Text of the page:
“Local journalism in our country is in dire shape,” warns Kyle Pope, editor-in-chief and publisher of the Columbia Journalism Review, in his introduction to the spring edition. In May, the Review came out in strong support of local journalism, dedicating an entire issue to the topic. Pope cites a steady decline in reporting and readership at the local level.
“This is not just a problem for journalism,” he writes. “These issues have real-world, global consequences.”
Though prospects are less than ideal, they are not hopeless. President Donald Trump’s antagonism toward reporters has sown distrust in some Americans, but it has inspired others to support the free press more actively and generously than ever.
But the cost of losing local journalism became clear months before Trump took office. According to Pope, who advocates for greater investment in local papers, a lack of local reporting infrastructure contributed to coverage failures leading up to the election.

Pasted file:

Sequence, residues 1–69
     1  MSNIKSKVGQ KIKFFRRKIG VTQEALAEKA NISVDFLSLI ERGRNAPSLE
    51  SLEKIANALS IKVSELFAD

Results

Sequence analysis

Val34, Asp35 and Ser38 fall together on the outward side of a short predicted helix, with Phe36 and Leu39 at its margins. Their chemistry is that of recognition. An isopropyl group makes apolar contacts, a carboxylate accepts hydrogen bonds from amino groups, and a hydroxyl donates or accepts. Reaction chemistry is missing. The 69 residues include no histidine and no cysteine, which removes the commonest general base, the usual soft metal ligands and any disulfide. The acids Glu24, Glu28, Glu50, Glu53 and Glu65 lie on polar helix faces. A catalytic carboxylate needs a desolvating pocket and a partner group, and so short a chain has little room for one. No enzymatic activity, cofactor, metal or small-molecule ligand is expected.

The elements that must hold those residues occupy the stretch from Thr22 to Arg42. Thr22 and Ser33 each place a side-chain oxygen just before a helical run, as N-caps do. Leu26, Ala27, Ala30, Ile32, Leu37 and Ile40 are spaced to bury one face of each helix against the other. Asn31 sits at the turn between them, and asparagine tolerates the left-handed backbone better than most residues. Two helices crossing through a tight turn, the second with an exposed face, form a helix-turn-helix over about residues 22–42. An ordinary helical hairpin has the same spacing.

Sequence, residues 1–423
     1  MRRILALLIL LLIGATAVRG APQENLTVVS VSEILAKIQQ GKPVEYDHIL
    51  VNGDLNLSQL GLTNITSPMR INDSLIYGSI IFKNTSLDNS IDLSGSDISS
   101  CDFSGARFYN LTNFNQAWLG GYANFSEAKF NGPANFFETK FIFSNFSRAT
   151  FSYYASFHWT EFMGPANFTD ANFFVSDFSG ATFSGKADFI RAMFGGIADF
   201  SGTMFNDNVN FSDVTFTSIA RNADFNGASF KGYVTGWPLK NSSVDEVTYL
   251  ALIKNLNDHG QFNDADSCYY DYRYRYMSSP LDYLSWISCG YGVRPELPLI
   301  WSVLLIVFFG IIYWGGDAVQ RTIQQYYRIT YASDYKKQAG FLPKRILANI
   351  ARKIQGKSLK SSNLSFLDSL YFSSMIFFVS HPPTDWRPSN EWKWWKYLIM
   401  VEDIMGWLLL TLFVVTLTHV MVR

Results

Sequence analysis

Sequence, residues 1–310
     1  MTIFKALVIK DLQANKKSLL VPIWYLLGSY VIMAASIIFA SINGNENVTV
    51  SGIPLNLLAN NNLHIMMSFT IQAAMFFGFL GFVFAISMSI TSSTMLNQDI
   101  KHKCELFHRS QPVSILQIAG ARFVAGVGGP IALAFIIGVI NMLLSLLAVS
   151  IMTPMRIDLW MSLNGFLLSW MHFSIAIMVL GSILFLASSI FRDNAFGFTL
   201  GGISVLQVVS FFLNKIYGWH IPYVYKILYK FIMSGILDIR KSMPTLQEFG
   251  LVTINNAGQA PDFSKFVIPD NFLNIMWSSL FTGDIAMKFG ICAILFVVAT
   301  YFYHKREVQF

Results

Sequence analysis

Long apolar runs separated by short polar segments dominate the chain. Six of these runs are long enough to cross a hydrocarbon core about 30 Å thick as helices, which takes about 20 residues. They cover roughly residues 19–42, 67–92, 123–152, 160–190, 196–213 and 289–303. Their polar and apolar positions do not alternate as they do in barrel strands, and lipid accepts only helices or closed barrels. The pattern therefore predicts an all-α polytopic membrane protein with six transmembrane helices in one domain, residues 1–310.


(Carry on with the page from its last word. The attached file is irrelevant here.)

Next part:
At the end of his note, Pope asks readers to think seriously about the future of the press and its atrophying local limb.
“Is it fixable,” he asks, “or are America’s local newsrooms going away for good? What are the implications for open records, for accountability—for our democracy?”
This summer, I went home to rural Massachusetts to talk to some of the people working in those newsrooms.
About 6,500 people live in Harvard, my quiet hometown located in Central Massachusetts. Last month, Curbed Boston described our downtown as “achingly quaint,” earning a few good-natured eye-rolls from residents.
Our paper, The Harvard Press, serves about two-thirds of the town, or 1,200 households. Several neighboring towns also have their own papers with local offices. Others are covered by regional news sources like the locally-based Nashoba Valley Voice or the more corporate Wicked Local, a Massachusetts news site owned by the national brand, GateHouse Media. A few are not consistently covered at all.
Thinking back to my days writing for The Press as a high school student and making a generous twenty-five dollars per 300-word article, I wondered how the paper made money. How do small town papers like The Press stay afloat, and why should we care?